稲盛和夫の京セラフィロソフィ  Vol.40 大家族主義で経営する/ Managing with a large family mind






Vol.40 Managing with a large family mind
Mr. Kazuo Inamori (Founder of Kyocera and KDDI, Honorary Chairman of JAL) is saying that he has valued a trusting relationship like a family where he and his employees can share their hardships. Here, a family-like relationship is a relationship in which when a colleague is in trouble at work, he or she can help each other without reason and can be personal and talk about private matters.

I too have worked hard to build this kind of relationship with our employees. First, I have valued daily communication, including greetings with employees. In addition to exchanging daily greetings, I pay attention to the mood and physical condition of each person from the tone of the employee’s voice and their facial expression, and when the employee seems to be sick, I changed the work position of the staff so that the work content would not become too hard. In addition, I have regularly checked during regular conversations to see if employees have any concerns about family or financial matters and have provided support when necessary.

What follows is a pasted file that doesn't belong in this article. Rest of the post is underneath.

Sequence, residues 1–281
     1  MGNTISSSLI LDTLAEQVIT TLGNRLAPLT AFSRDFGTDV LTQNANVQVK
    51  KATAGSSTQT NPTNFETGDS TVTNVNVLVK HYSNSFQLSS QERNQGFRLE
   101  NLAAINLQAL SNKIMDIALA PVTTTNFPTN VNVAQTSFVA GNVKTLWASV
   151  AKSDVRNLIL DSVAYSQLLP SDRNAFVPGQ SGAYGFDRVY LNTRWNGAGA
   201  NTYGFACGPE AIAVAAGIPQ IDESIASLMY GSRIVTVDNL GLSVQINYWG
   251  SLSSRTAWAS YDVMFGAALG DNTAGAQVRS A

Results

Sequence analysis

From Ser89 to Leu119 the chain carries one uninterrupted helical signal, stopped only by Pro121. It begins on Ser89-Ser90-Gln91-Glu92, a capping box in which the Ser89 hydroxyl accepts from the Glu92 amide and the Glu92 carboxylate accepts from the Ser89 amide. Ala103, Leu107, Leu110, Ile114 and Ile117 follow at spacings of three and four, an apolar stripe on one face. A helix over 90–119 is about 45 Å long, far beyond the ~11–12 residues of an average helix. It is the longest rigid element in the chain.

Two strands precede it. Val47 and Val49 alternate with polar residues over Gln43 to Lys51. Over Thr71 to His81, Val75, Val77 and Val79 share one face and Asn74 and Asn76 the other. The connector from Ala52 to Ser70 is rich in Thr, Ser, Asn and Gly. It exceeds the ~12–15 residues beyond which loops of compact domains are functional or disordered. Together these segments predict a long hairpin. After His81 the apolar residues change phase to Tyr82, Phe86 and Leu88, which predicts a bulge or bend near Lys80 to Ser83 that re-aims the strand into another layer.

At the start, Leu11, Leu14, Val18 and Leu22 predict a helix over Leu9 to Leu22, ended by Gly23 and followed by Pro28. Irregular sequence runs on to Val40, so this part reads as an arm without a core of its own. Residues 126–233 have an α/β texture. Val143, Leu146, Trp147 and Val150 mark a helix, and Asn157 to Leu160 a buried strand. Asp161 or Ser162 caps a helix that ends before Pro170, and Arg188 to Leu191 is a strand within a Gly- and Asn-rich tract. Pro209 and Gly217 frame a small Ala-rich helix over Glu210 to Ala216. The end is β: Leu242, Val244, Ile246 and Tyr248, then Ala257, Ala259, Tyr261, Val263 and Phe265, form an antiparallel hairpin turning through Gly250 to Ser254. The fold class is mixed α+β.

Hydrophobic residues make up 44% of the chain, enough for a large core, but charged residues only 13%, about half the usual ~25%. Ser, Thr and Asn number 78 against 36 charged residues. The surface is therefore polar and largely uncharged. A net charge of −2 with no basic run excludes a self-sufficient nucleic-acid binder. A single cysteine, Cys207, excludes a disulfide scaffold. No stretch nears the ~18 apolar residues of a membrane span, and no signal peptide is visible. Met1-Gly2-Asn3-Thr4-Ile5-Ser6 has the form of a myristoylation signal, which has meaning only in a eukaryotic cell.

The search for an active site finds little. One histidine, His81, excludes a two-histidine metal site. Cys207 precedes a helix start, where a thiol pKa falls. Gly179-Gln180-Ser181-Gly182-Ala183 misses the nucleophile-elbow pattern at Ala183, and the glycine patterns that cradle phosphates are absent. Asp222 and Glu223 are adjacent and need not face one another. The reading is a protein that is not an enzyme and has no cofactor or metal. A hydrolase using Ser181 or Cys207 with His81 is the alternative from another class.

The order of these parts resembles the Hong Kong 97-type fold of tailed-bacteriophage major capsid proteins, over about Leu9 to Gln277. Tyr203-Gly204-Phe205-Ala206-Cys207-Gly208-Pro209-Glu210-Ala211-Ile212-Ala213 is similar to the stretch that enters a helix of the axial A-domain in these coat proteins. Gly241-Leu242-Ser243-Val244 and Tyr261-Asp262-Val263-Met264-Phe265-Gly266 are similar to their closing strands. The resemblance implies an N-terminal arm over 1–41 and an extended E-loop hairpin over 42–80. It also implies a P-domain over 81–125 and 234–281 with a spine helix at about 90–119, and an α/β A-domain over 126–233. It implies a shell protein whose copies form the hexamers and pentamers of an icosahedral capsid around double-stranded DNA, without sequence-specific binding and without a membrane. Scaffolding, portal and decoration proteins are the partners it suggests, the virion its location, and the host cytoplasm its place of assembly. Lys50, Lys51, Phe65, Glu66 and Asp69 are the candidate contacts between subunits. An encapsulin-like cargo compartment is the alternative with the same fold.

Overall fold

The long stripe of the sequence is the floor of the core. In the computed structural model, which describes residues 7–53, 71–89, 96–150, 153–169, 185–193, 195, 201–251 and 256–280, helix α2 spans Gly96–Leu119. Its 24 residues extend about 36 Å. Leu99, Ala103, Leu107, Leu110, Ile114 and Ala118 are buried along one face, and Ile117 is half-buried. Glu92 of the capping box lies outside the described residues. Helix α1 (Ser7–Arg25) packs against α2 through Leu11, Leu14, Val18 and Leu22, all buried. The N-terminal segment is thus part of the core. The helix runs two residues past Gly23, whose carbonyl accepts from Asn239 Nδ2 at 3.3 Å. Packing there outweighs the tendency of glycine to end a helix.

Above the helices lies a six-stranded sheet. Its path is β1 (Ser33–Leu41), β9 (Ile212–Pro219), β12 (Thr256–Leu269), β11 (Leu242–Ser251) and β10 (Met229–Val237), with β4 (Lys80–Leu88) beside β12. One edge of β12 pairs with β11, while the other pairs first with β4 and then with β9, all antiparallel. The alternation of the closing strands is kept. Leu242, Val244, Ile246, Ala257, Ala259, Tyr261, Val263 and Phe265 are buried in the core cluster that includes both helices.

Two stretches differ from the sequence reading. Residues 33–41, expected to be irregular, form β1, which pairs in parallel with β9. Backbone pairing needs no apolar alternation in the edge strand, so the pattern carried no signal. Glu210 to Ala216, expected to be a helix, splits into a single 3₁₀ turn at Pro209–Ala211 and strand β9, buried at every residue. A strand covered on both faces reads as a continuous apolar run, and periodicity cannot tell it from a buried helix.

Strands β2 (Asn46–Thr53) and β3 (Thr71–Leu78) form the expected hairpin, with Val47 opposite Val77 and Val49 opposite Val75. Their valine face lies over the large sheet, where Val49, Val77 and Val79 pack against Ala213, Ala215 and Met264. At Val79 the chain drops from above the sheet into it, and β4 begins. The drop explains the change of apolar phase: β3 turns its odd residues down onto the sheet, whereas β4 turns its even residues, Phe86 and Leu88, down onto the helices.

An important thing I have learned through business is the idea of give and take. If you’re a business owner, start your own give and keep doing it without asking for returns. Although some people may want to take something when they give something to others, it is desirable for business owners to keep giving without thinking in return. If the employees can go to work as usual, do their usual work, and finish their work as usual, the business should be running well. It is very difficult to bring it to such a natural state, but to do so, practice giving to employees without thinking in return.

Another thing that I have valued in doing business in the United States is that I have told to my employees that I “trust,” “rely on,” “thank them” in words. Although I’m a business owner, I am limited in what I can do, so I have to rely on someone else, and I naturally have to rely on my employees. At that time, I not only thanked the employees, but also tried to convey my various feelings directly to each employee. This is a necessary and important communication method in the United States, because in the United States it is often the case that you cannot convey your feelings without saying.

If you have any feedbacks, questions, or requests, please reply to this email. If you like this newsletter, I would appreciate it if you could forward it to your acquaintances. For back numbers, please refer to NICK’s BLOG. Thank you! Nick Ono